Follicle stimulating hormone levels

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Intro to FSH. As its name implies, follicle-stimulating hormone (FSH) stimulates the maturation of ovarian follicles. FSH is one of two hormones comprising the menotropins. Menotropins are produced in the anterior pituitary gland and are two hormones key to ovulation and fertility, important along with estrogen and progesterone. The other menotropin is the luteinizing hormone (LH). The two hormones work in concert to prepare the body for having a baby.

FSH initiates follicular growth within the ovaries. This includes the developing egg, the cells surrounding the egg that produce the hormones needed to support a pregnancy, and the fluid around the egg. Specifically FSH affects the granulosa cells. Their effect appears to be critical for selecting the most advanced and viable follicle to release its egg or ovulate. As the follicle grows, an increasing amount of the estrogen is produced by the cells in the follicle and released into the bloodstream. Estrogen triggers the endometrium (lining of the uterus) to thicken before ovulation occurs in order to support an embryo.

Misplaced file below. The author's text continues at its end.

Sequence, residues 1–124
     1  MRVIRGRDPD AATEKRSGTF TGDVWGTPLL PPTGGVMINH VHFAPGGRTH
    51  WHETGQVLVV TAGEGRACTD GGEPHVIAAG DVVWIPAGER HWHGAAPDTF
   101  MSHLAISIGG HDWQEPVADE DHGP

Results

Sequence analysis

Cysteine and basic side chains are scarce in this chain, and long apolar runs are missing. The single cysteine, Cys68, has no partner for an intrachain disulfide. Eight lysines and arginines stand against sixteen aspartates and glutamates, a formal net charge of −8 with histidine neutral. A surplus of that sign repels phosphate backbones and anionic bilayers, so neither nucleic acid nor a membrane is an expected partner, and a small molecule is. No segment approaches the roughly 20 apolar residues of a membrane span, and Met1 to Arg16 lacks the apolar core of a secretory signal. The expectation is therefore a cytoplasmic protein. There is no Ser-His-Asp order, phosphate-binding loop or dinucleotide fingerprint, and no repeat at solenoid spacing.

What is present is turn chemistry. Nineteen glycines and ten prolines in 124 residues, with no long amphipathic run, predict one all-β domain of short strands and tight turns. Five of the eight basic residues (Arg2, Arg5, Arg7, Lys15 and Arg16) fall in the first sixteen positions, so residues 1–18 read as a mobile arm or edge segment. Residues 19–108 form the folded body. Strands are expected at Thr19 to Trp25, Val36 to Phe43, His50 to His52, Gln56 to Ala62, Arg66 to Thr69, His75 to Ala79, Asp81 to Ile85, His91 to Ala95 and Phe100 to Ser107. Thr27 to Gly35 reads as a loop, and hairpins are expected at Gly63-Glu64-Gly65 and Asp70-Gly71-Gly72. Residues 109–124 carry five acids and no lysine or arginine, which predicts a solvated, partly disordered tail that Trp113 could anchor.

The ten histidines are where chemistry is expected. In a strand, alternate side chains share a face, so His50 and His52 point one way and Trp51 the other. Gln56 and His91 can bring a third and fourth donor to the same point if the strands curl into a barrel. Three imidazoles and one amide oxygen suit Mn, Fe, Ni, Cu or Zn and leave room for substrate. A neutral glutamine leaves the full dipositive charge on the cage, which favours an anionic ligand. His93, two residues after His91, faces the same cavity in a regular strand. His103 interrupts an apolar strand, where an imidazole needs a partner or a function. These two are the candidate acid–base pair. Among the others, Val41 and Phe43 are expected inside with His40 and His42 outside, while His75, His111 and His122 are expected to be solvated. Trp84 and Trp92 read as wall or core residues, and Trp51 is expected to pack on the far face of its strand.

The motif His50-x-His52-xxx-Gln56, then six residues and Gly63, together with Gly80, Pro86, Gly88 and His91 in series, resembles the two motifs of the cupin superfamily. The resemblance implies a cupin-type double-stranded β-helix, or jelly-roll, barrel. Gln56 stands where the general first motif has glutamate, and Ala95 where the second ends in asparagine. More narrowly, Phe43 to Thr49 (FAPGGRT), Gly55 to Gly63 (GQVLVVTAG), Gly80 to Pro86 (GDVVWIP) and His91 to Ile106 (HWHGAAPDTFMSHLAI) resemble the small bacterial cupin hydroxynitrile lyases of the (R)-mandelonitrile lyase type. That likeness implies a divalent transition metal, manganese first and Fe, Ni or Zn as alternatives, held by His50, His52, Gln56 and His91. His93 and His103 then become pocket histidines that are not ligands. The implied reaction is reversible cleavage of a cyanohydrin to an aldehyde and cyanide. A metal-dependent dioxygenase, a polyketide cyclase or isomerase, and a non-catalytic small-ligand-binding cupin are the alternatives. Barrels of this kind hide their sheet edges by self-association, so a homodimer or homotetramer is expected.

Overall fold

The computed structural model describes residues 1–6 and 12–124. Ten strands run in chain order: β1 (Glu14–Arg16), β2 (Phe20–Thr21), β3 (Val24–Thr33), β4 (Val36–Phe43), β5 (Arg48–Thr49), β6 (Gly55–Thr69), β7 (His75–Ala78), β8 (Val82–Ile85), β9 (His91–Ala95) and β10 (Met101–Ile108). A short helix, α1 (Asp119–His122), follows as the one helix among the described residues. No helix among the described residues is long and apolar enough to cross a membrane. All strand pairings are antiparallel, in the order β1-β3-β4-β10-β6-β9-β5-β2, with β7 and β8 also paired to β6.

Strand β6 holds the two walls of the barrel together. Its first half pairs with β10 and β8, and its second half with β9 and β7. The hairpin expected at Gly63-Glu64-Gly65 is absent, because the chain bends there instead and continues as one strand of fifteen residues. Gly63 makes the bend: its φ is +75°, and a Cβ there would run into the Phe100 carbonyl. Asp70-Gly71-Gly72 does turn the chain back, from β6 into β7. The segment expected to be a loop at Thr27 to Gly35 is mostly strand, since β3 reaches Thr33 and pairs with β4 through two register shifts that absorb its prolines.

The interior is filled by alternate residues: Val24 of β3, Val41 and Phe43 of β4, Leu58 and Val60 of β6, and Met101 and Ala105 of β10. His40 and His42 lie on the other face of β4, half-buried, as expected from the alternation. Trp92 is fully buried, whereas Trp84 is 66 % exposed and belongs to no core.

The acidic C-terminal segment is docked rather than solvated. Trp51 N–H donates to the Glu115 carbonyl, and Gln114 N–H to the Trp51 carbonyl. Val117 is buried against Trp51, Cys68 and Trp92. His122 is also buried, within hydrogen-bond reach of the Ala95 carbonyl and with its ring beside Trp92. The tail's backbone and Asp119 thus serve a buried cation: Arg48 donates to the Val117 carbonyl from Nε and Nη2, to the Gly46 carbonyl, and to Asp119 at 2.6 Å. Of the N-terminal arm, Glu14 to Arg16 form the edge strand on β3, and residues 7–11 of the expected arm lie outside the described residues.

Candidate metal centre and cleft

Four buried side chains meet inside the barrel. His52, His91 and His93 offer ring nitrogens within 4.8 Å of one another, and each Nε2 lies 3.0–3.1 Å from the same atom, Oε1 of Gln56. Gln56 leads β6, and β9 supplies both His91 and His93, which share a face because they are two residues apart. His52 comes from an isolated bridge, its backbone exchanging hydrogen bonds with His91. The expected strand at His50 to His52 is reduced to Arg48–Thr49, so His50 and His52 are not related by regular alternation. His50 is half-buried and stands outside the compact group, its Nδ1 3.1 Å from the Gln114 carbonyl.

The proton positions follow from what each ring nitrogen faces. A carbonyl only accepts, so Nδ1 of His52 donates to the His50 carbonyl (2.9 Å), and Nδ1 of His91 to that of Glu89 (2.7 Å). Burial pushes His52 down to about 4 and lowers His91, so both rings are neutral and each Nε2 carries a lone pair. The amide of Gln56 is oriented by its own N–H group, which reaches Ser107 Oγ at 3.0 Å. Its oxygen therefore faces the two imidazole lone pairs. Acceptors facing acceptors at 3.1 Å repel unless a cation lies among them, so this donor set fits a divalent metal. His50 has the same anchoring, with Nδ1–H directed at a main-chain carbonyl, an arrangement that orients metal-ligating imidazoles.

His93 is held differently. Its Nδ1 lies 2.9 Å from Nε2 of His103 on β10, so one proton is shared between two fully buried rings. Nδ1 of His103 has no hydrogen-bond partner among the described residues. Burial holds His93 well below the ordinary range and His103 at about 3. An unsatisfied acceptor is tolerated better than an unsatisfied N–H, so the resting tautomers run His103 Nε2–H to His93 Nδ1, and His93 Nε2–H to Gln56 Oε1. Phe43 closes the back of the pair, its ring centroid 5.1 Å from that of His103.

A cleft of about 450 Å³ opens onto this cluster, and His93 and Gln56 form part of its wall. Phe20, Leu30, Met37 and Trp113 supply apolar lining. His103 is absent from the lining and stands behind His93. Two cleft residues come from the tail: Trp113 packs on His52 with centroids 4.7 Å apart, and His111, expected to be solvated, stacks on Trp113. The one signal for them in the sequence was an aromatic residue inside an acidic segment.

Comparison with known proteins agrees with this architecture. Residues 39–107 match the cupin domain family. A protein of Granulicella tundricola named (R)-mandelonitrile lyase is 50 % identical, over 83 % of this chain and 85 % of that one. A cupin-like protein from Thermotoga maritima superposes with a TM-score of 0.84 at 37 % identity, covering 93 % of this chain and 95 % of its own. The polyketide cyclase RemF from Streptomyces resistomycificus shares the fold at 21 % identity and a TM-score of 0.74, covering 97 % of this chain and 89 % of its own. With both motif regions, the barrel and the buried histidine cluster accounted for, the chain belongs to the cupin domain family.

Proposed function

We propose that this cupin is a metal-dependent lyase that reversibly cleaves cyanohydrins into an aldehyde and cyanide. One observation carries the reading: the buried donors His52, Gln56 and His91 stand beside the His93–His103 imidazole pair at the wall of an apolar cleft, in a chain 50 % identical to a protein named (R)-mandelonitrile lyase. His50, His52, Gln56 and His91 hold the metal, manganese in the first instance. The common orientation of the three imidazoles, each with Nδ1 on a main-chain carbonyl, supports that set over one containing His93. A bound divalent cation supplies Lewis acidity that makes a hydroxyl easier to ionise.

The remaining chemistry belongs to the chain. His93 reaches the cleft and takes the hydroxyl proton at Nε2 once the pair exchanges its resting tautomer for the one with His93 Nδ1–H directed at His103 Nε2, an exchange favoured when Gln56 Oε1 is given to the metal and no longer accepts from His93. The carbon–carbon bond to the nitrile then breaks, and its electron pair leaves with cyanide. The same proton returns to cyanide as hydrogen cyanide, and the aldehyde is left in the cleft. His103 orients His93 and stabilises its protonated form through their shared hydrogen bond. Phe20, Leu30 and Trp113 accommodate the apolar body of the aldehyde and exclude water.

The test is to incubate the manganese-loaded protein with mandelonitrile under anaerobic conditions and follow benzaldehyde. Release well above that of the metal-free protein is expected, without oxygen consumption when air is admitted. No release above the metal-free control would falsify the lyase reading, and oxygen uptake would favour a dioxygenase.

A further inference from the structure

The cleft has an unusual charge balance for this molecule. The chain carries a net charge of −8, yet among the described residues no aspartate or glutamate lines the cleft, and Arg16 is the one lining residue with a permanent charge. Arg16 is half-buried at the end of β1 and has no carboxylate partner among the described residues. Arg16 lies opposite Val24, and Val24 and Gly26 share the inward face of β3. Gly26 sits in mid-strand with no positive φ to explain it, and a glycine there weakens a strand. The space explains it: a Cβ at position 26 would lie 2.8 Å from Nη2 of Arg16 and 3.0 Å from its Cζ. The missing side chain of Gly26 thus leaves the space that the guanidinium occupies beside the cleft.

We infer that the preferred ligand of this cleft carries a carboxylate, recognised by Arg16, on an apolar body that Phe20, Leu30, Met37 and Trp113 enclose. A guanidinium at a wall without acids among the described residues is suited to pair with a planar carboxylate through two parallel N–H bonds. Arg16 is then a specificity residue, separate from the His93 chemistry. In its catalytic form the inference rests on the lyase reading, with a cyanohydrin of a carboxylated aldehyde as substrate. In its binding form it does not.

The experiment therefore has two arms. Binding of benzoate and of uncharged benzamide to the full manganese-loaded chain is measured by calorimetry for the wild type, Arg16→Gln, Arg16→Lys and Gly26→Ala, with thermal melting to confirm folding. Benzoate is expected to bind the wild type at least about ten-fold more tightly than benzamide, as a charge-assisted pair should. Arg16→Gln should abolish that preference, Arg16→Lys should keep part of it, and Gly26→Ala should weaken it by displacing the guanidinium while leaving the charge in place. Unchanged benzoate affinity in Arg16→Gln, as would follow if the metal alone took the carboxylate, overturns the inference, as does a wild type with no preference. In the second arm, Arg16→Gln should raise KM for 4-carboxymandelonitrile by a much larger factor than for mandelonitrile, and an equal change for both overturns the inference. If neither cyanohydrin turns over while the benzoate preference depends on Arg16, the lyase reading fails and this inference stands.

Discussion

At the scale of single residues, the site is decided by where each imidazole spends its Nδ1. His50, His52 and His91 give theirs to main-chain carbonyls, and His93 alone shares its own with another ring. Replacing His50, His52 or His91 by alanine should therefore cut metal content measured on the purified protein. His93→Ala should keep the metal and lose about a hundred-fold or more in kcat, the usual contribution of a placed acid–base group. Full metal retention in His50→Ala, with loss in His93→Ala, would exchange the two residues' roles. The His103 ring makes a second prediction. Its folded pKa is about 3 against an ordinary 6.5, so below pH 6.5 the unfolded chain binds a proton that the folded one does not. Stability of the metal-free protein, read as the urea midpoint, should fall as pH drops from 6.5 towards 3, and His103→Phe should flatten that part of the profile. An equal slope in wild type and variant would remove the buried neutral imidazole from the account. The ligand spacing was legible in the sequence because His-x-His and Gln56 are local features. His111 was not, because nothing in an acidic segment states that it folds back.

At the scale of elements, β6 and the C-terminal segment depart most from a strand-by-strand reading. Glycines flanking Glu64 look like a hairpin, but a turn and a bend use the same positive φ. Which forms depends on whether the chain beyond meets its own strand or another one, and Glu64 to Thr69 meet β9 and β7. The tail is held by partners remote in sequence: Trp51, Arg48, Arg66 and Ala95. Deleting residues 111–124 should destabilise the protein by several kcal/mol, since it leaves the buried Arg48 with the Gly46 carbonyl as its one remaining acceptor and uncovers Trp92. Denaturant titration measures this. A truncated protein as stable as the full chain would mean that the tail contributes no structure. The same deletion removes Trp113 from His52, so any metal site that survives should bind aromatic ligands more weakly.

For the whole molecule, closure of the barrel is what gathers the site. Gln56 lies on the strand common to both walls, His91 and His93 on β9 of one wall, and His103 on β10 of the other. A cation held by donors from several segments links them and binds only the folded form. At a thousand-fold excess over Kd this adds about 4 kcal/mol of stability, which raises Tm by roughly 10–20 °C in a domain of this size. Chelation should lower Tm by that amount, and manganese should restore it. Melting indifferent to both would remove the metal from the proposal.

The higher blood levels of estrogen will also tell the hypothalamus and pituitary gland to slow the production and release of FSH. The amount of FSH varies throughout a woman's menstrual cycle and is highest just before she releases an egg. At the end of a menstrual cycle, there is also a slight rise in FSH which seems to occur as a result of preparing for the next ovulatory cycle.

In men, FSH stimulates production of sperm. For both men and women FSH is key to reproduction and will be one of the first places a doctor checks when infertility is an issue.

Source: Wikipedia, Mayo, WebMD, FertilityCommunity


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